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Kinetic studies on the reaction between dicyanocobinamide and hypochlorous acid.

Maitra D, Ali I, Abdulridha RM, Shaeib F, Khan SN, Saed GM, Pennathur S, Abu-Soud HM - PLoS ONE (2014)

Bottom Line: The formation of (OCl)(CN)-Cbi and its conversion to (OCl)2-Cbi was fitted to a first order rate equation with second order rate constants of 0.002 and 0.0002 µM(-1) s(-1), respectively.Plots of the apparent rate constants as a function of HOCl concentration for all the three steps were linear with Y-intercepts close to zero, indicating that HOCl binds in an irreversible one-step mechanism.Collectively, these results illustrate functional differences in the corrin ring environments toward binding of diatomic ligands.

View Article: PubMed Central - PubMed

Affiliation: Department of Obstetrics and Gynecology, The C.S. Mott Center for Human Growth and Development, Wayne State University School of Medicine, Detroit, MI, United States of America.

ABSTRACT
Hypochlorous acid (HOCl) is a potent oxidant generated by myeloperoxidase (MPO), which is an abundant enzyme used for defense against microbes. We examined the potential role of HOCl in corrin ring destruction and subsequent formation of cyanogen chloride (CNCl) from dicyanocobinamide ((CN)2-Cbi). Stopped-flow analysis revealed that the reaction consists of at least three observable steps, including at least two sequential transient intermediates prior to corrin ring destruction. The first two steps were attributed to sequential replacement of the two cyanide ligands with hypochlorite, while the third step was the destruction of the corrin ring. The formation of (OCl)(CN)-Cbi and its conversion to (OCl)2-Cbi was fitted to a first order rate equation with second order rate constants of 0.002 and 0.0002 µM(-1) s(-1), respectively. The significantly lower rate of the second step compared to the first suggests that the replacement of the first cyanide molecule by hypochlorite causes an alteration in the ligand trans effects changing the affinity and/or accessibility of Co toward hypochlorite. Plots of the apparent rate constants as a function of HOCl concentration for all the three steps were linear with Y-intercepts close to zero, indicating that HOCl binds in an irreversible one-step mechanism. Collectively, these results illustrate functional differences in the corrin ring environments toward binding of diatomic ligands.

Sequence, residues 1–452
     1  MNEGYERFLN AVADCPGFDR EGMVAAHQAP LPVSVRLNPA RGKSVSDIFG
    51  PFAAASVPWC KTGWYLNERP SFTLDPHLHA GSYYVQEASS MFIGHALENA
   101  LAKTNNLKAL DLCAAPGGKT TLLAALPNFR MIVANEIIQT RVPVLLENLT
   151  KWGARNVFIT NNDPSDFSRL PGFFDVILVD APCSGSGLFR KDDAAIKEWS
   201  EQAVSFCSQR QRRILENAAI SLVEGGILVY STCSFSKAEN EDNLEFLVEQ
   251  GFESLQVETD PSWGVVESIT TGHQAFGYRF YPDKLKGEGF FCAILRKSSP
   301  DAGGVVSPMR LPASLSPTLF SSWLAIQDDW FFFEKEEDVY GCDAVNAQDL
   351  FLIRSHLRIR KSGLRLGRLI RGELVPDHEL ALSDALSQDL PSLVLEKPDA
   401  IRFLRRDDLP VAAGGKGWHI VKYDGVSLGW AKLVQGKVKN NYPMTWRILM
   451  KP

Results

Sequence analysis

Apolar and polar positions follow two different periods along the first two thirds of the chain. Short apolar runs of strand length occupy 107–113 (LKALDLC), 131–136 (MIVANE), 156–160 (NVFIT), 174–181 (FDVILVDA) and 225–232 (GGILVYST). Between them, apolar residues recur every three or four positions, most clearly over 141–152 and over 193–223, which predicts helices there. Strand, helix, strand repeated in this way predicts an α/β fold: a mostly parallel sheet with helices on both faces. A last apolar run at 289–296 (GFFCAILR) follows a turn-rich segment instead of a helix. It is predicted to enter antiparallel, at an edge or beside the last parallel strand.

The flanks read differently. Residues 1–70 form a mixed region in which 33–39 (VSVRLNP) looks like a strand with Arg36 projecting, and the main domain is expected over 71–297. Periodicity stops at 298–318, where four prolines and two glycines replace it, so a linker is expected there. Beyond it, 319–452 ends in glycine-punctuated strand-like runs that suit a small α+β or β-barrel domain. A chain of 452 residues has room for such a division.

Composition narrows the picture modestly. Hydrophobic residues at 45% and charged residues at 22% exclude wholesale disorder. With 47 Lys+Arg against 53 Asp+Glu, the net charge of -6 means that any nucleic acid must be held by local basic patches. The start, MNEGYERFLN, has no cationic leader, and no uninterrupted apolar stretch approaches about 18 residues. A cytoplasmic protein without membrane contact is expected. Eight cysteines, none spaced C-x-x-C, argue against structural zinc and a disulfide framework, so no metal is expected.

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Cyanocobalamin and (CN)2-Cbi destruction mediated by HOCl causes the liberation of CNCl.Equal concentrations of Cbl and (CN)2-Cbi (110 µM) were treated with 50-fold molar excess of HOCl and CNCl generation were assayed colorimetrically as detailed under Materials and methods. The data are representative of three independent experiments with the error bars representing the standard error measurements.
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pone-0110595-g006: Cyanocobalamin and (CN)2-Cbi destruction mediated by HOCl causes the liberation of CNCl.Equal concentrations of Cbl and (CN)2-Cbi (110 µM) were treated with 50-fold molar excess of HOCl and CNCl generation were assayed colorimetrically as detailed under Materials and methods. The data are representative of three independent experiments with the error bars representing the standard error measurements.

Mentions: We next investigated whether the CN- released from the (CN)2-Cbi molecule reacts with the excess HOCl in the reaction mixture to form cyanogen chloride (CNCl). Dicyanocobinamide (110 µM) was treated with 50-fold molar excess of HOCl and the accumulation of CNCl was measured using the pyridine-1,3 dimethyl barbituric acid colorimetric assay as previously reported. As shown in Figure 6, the amount of CNCl generated from the reaction of (CN)2-Cbi with HOCl was approximately 1.8 fold the amount generated from the same reaction of Cbl with HOCl. Thus, the destruction of (CN)2-Cbi mediated by HOCl is more toxic than that of Cbl.